The Consumer Product Safety Commission announced today that a new government regulation scheduled to take effect next month will not force thrift and consignment stores to adhere to strict lead and phthalate testing or declare their merchandise hazardous material.

Only one day following a WND report, the commission released a statement saying, “Sellers of used children’s products, such as thrift stores and consignment stores, are not required to certify that those products meet the new lead limits, phthalates standard or new toy standards.”

Many thrift and consignment business owners were outraged after Congress passed the Consumer Product Safety Improvement Act of 2008, or HR 4040, a retroactive rule mandating that all items sold for use by children under 12 must be tested by an independent party for lead and phthalates, which are chemicals used to make plastics more pliable.

The regulations could have forced thousands of resale businesses – especially smaller ones that cannot afford the cost of lead testing – to throw away truckloads of children’s clothing, books, toys, furniture and other children’s items and even force them to close their doors.

Now those sellers are not required to test products before selling their inventories, but the CPSC warns, “[R]esellers cannot sell children’s products that exceed the lead limit and therefore should avoid products that are likely to have lead content, unless they have testing or other information to indicate the products being sold have less than the new limit. Those resellers that do sell products in violation of the new limits could face civil and/or criminal penalties.”

Small businesses still affected

However, the law still affects small businesses that sell new items. Under the new measure, new children’s products with more than 600 ppm total lead cannot lawfully be sold in the United States on or after Feb. 10, 2009, even if they were manufactured before that date. The total lead limit drops to 300 ppm on Aug. 14, 2009. Also, products manufactured on or after that date cannot be sold if they contain more than 0.1% of certain phthalates.

Some small toy businesses say lead testing alone costs more than $4,000 per item – a price some say only large companies like Mattel and Fisher Price can afford to pay.

“The only people who can do that now are the ones who actually put this scare into effect and actually caused the problem,” Amy Evan’s, owner of Baby’s Boutique in Chico, Calif., told CBS’ KHSL.

Shelsie Hall told California’s KXTV News 10 she makes hair bows and jewelry for children and sells them online to support her family.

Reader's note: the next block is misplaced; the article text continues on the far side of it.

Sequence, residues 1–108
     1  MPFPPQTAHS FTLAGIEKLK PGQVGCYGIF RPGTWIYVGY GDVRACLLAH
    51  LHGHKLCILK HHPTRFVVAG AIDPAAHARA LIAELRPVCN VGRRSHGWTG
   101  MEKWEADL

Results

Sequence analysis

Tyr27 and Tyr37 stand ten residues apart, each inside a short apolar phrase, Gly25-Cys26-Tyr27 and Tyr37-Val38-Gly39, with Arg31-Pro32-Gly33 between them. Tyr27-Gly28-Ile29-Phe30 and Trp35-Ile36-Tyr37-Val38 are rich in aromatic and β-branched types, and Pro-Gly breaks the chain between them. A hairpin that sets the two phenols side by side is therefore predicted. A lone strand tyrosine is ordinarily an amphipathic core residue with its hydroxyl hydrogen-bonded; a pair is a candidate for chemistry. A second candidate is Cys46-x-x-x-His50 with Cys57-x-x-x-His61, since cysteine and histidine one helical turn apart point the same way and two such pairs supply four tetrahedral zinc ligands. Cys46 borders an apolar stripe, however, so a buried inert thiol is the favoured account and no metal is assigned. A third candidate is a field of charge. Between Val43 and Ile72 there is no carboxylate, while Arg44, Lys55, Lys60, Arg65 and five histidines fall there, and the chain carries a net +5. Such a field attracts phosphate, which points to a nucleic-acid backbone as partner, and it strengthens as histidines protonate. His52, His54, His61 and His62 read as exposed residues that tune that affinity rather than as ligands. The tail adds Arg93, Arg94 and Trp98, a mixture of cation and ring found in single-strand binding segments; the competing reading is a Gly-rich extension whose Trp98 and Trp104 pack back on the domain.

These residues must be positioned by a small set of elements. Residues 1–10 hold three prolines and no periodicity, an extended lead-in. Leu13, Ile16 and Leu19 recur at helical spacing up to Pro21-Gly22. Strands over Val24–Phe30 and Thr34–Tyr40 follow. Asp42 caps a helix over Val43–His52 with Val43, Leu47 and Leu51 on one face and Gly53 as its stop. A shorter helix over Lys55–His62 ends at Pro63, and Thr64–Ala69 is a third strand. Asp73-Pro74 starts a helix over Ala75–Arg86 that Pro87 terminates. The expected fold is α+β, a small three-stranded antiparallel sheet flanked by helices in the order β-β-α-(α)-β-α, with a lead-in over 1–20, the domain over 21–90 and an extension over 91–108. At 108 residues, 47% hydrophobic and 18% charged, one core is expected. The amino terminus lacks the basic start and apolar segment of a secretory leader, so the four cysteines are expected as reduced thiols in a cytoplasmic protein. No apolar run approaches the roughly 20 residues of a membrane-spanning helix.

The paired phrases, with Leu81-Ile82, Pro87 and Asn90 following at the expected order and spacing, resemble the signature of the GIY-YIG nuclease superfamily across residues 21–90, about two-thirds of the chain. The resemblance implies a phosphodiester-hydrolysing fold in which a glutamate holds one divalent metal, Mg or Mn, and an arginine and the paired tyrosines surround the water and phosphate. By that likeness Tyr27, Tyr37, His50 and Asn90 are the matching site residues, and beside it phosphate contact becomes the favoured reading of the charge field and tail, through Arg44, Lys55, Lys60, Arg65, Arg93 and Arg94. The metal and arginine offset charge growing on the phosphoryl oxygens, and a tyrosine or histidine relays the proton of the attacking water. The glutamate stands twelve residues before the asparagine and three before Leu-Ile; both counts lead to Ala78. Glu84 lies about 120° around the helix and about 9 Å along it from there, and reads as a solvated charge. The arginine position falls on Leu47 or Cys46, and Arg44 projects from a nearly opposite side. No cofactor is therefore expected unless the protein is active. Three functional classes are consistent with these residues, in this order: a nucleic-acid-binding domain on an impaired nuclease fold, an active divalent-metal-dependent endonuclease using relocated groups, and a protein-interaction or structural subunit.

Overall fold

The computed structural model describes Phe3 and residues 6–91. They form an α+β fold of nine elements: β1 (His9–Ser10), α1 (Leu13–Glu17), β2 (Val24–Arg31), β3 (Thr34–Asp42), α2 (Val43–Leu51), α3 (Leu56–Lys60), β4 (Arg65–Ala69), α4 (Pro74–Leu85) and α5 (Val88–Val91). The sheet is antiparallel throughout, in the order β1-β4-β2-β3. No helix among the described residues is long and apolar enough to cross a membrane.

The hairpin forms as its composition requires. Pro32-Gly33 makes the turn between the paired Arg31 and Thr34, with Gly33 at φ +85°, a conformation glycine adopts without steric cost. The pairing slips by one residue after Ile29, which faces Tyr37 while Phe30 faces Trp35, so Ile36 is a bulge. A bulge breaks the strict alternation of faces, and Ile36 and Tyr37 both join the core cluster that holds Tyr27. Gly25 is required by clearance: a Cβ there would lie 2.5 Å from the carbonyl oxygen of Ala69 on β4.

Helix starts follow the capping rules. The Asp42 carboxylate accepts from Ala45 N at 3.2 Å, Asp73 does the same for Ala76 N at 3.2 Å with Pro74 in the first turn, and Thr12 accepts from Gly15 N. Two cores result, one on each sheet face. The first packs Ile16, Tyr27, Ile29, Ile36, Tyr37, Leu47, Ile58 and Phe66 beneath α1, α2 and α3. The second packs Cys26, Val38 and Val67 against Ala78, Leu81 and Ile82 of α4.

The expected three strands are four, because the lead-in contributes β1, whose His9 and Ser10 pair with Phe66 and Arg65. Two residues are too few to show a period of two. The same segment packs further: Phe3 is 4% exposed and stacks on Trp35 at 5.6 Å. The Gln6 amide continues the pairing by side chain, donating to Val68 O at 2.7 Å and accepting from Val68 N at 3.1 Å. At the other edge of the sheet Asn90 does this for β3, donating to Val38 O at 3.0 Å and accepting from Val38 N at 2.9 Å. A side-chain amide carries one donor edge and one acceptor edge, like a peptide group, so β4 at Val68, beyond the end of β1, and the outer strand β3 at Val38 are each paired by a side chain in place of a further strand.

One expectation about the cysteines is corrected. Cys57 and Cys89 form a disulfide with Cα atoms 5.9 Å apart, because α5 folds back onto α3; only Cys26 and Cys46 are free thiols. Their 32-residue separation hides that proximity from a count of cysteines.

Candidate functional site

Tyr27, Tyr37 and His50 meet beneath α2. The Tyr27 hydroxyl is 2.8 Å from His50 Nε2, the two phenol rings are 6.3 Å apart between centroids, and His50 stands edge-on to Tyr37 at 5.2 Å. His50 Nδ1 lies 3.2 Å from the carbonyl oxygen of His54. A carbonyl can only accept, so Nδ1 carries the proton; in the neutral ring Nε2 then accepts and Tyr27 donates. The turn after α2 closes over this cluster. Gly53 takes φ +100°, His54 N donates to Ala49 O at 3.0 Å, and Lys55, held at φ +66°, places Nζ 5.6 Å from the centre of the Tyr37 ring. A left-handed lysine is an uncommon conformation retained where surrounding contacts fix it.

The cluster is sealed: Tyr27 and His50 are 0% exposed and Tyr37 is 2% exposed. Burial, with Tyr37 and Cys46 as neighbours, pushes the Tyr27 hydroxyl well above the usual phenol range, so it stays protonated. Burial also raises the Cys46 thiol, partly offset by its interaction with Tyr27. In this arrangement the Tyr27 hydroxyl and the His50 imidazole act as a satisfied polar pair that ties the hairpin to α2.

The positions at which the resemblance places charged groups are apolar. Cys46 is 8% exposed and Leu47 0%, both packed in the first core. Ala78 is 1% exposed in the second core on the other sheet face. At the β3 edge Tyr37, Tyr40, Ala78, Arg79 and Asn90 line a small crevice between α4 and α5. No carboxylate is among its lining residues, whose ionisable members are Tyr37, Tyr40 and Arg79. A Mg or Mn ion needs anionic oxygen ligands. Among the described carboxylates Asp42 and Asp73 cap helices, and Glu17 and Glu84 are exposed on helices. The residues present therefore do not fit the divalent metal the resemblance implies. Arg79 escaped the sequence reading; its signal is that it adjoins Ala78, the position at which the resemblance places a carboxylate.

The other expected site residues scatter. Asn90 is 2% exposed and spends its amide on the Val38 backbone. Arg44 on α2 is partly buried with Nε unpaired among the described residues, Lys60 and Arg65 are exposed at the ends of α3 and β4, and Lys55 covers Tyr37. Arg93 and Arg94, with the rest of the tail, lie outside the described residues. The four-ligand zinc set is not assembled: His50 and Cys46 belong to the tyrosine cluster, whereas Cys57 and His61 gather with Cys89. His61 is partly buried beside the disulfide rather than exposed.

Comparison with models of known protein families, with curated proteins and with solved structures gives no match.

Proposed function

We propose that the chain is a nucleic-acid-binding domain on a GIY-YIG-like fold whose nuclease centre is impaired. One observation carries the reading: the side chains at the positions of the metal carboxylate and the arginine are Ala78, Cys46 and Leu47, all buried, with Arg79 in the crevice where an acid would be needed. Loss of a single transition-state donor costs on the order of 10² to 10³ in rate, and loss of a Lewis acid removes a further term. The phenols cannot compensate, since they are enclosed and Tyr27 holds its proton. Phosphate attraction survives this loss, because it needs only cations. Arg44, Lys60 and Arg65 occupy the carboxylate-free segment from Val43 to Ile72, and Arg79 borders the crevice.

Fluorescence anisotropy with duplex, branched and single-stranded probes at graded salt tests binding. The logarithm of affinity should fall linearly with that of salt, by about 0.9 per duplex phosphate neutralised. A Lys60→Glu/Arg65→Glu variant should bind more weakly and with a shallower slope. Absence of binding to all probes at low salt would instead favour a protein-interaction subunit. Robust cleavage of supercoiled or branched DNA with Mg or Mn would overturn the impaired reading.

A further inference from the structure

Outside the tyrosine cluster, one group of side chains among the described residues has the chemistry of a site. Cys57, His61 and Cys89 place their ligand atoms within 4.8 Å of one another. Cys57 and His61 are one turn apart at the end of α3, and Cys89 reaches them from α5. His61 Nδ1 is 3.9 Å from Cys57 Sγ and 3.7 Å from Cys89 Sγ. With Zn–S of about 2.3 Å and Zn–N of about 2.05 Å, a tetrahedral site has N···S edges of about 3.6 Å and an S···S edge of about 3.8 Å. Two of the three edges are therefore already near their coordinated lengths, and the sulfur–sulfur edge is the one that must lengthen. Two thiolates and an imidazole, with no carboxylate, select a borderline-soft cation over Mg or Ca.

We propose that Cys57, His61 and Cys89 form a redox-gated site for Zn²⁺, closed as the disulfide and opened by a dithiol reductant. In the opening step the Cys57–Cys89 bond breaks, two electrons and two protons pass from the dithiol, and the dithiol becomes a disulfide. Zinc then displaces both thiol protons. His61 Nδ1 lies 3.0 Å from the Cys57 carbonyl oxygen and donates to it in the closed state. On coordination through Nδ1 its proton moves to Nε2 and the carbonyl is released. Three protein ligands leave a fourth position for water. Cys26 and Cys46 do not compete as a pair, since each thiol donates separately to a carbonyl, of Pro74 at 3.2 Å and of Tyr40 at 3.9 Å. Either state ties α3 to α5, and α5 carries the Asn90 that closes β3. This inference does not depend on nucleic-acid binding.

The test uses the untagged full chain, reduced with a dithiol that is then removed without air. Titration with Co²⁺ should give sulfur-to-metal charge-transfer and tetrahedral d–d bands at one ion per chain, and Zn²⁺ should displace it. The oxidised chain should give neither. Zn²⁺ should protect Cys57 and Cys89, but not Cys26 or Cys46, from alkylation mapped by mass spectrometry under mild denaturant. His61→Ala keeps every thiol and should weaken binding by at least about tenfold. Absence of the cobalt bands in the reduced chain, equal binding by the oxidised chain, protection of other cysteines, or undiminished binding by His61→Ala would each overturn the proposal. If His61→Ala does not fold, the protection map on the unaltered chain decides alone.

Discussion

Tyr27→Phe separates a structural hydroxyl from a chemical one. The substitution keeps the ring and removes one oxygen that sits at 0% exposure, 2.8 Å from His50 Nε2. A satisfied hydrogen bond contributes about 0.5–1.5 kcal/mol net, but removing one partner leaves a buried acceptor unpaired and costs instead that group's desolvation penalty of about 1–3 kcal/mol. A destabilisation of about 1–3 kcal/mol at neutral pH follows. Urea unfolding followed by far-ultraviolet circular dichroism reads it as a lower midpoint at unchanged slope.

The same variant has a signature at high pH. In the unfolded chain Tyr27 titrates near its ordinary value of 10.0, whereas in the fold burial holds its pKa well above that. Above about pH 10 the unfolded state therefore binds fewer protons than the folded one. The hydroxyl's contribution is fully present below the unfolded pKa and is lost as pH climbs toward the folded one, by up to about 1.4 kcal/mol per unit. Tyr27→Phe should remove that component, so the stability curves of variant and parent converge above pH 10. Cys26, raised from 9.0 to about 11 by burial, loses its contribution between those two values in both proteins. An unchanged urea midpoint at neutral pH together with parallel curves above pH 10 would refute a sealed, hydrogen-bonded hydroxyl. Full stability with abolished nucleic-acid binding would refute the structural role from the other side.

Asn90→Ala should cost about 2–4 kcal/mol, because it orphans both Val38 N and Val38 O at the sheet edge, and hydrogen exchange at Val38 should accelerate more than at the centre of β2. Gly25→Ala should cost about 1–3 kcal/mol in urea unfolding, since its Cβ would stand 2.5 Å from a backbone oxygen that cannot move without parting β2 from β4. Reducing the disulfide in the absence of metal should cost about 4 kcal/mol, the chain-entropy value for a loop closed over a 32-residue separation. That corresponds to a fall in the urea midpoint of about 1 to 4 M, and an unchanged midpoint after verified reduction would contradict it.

She believes her small business is threatened by the measure because those products must be tested.

“[M]y items sell for $4 to $10 and I make a lot of different things. So I couldn’t just test one; I would have to test every item,” she said.

One blogger who identifies herself as “Tina” has a home-based business making and selling cloth diapers online. She said a U.S. lab quoted a price of $75 to test each component of her diapers.

“I have at least two different fabrics, thread, snaps and elastic in a diaper,” she wrote. “$375 to test each different combination of fabrics/snaps/thread/size combinations? That is insane.”

She continued, “I am but one of many micro-manufacturers who will be forced to give up the American dream of owning my own business because of this legislation.”

Tina said retailers purchase inventory with loans secured by the value of that inventory.

“What happens to these lenders and retailers when the value of that inventory goes to zero?” she asked. “It is conceivable, at least to me, that retailers will be the next group in front of Congress asking for a bailout.”

The act’s broad wording could extend to new children’s items sold on eBay, Craig’s List, Amazon. Critics also say landfills will be hit hard if stores, distributors and families simply throw their untested items away rather than face prosecution. And clothing, toys, furniture and books at large retailers could become more expensive to cover third-party testing costs.

Other tentative exemptions

While the Consumer Product Safety Commission administers the law, it may only be changed by Congress. Some exemptions approved Tuesday by the commission’s two members, but not formally adopted, include the following:

  • Items with lead parts that a child cannot access;
  • Clothing, toys and other goods made of natural materials such as cotton and wood; and
  • Electronics that are impossible to make without lead.

But the tentative exemptions do little to reassure most businesses and families who will be affected by the law. Final rules are not scheduled for approval until after Feb. 10, when the rules take effect.

Taking action

The measure raises the CPSC budget each year until 2015, at which time
the agency’s budget would be $156 million. It also allows state
attorneys general to take civil action against those who violate the
strict regulations.

Rep. Bobby Rush, D-Il., sponsored the bill along with 106 co-sponsors. In the House of Representatives, 424 members voted for the act, nine voted “present” and a single member voted against itRep. Ron Paul, R-Texas.


U.S. Capitol

In the Senate, the totals were 89 for, eight “present” and three against – Sens. Tom Coburn, R-Okla., Jim DeMint, R-S.C., and Jon Kyl, R-Ariz.

President George Bush signed it into law on Aug. 14, 2008.

Concerned individuals may contact senators and representatives and the Consumer Product Safety Commission.

 


Note: Read our discussion guidelines before commenting.